Entradas Etiquetadas con ‘Elena Méndez Díaz-VIllabella’


How to be an outstanding school and… an outstanding Headmaster?

Escrito el 12 septiembre 2013 por Elena Méndez Díaz-Villabella en Varios


I have been working for nearly one and a half years between London and Madrid. I moved to London with my family and my son, Alberto had the fantastic opportunity of studying at Chipstead Valley Primary School (CVPS). This School has been rated as «Outstanding» after the Ofsted inspection carried out by the UK government. This is the highest possible grade and is only obtained by a small number of schools.

IE Business School is one of the world´s top Business Schools. Our students are postgraduates and executives, and we are all well aware that primary education sets the foundations for the entire education system. So today, during this brief interview I want to gather the opinions and educational views of Headteacher Mr. Mark Rosewell who, along with his team, has lead the way for CVPS to become an Outstanding Primary School.

1)    What do you think are the hallmarks of your school? 

Hopefully the following:

  • Everyone feels valued and follows our ‘be the best you can be’ motto (not a unique phrase, but a powerful one which works for both children and adults).
  • A superb learning environment (inside and out).
  • High quality teaching.
  • “Never rest on our laurels”.

2)   What three words would you choose to define your style of management and why?

Honest, open and decisive…I was asked this question at interview thirteen years ago. I gave these three words by way of answer and have seen no reason to change them since. Honest because it helps to engender trust across the school community. Open because this allows all to contribute and to understand reasons for decisions and decisive because it gets things done!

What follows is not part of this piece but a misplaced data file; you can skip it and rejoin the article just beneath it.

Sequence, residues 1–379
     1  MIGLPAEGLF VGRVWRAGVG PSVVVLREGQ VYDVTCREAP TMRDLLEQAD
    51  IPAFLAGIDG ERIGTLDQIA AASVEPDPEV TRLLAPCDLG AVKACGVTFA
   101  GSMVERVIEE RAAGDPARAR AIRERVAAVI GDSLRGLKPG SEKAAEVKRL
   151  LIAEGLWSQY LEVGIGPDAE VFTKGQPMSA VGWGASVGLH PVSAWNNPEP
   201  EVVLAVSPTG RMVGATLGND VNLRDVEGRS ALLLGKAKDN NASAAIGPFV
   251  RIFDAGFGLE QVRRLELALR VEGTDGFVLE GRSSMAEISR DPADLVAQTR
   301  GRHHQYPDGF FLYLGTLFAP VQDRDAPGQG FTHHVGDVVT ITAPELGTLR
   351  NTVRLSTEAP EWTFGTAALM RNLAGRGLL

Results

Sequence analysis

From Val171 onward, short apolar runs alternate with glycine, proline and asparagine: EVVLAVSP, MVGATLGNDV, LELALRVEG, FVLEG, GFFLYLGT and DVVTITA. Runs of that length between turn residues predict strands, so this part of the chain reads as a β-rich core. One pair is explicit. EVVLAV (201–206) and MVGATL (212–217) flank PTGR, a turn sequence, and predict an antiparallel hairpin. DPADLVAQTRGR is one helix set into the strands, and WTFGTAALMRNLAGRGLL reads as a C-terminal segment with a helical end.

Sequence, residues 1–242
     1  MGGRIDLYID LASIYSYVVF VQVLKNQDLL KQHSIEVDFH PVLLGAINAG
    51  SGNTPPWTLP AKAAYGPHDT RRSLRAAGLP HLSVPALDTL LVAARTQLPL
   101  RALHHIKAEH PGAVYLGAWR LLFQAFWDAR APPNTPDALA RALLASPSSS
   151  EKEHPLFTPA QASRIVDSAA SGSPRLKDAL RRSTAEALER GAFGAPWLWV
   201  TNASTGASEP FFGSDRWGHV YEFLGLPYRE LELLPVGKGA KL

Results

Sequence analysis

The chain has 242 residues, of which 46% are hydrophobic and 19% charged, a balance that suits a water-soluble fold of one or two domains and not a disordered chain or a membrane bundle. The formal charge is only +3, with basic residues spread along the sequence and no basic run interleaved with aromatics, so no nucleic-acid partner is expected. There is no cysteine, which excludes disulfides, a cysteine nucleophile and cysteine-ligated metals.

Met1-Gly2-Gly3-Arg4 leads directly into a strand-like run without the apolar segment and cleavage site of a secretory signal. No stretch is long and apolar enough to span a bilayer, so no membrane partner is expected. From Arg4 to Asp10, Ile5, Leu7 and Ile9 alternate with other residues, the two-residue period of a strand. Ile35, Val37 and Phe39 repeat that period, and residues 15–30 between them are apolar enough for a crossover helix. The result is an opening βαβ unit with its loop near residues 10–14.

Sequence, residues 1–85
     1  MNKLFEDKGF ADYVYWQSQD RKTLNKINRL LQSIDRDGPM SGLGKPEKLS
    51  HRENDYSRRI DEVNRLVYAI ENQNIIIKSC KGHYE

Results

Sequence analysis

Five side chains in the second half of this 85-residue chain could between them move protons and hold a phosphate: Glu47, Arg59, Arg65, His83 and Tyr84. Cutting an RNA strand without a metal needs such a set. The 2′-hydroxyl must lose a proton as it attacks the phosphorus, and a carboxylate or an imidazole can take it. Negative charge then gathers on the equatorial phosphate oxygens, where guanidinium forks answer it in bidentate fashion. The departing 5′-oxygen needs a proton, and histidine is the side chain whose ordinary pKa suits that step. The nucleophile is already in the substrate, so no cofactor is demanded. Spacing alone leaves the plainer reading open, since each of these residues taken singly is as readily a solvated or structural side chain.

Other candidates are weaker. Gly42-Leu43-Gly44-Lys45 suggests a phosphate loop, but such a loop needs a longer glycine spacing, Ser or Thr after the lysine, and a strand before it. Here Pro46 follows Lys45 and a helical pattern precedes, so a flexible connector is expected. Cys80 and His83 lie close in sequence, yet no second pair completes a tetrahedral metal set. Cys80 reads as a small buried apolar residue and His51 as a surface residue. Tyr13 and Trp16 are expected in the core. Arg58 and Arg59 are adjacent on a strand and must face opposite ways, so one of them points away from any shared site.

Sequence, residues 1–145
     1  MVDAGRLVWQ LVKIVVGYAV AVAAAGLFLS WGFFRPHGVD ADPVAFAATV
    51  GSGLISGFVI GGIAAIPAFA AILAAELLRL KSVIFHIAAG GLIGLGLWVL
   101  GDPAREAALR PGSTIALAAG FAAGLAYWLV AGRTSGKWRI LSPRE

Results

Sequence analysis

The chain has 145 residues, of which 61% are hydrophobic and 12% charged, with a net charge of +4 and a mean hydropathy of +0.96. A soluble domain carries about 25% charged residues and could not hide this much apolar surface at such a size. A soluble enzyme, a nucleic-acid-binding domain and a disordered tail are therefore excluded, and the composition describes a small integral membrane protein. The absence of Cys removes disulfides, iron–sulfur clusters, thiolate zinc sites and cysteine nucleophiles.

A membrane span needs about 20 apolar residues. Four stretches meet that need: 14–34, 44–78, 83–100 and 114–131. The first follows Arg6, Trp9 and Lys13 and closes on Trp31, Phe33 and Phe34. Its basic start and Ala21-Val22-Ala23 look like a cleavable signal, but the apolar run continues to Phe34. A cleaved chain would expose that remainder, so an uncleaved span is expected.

3)   In your opinion, what makes a «good teacher»?

Enthusiasm, a willingness to learn and an ability to inspire. Someone who treats the children with firmness (children need boundaries), fairness (children are always very aware of being treated fairly), warmth (they need to know you care) and kindness (because we care).

4)    How would you define a «good student»?

I wouldn’t. All children regardless of talent, behavior, need or background, are special.

5)    What is a Headteacher’s most important role?

For adults…To create a shared vision and then provide the strategic direction for the path we need to take, ensuring that we are not deflected from our goals, and also to inspire.

For children…To care about each and every child

6)    What do you find the hardest aspect of being a Primary School Director?

A few parents who are all too aware of their rights…but not of their responsibilities.

7)    Would you tell us a story that happened to you as Headteacher and still makes you smile?

There are too many to mention. Children make you smile in one way or another everyday, sometimes even when you are telling them off. They take absolutely no notice of your mood, cheerfully adding to your problems on a bad day and making good days even better.